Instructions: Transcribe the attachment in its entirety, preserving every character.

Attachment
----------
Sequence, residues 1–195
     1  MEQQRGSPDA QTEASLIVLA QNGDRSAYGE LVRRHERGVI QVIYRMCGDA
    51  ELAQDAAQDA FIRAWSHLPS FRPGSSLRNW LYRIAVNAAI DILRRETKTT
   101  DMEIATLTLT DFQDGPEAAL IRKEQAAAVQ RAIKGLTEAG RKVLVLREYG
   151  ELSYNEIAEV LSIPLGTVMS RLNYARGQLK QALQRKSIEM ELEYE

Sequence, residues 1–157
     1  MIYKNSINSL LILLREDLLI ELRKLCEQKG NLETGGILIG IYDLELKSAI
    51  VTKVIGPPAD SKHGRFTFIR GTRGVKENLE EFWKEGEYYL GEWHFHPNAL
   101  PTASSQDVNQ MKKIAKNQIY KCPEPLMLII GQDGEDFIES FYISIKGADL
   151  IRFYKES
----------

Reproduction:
Sequence, residues 1–195
     1  MEQQRGSPDA QTEASLIVLA QNGDRSAYGE LVRRHERGVI QVIYRMCGDA
    51  ELAQDAAQDA FIRAWSHLPS FRPGSSLRNW LYRIAVNAAI DILRRETKTT
   101  DMEIATLTLT DFQDGPEAAL IRKEQAAAVQ RAIKGLTEAG RKVLVLREYG
   151  ELSYNEIAEV LSIPLGTVMS RLNYARGQLK QALQRKSIEM ELEYE

Sequence, residues 1–157
     1  MIYKNSINSL LILLREDLLI ELRKLCEQKG NLETGGILIG IYDLELKSAI
    51  VTKVIGPPAD SKHGRFTFIR GTRGVKENLE EFWKEGEYYL GEWHFHPNAL
   101  PTASSQDVNQ MKKIAKNQIY KCPEPLMLII GQDGEDFIES FYISIKGADL
   151  IRFYKES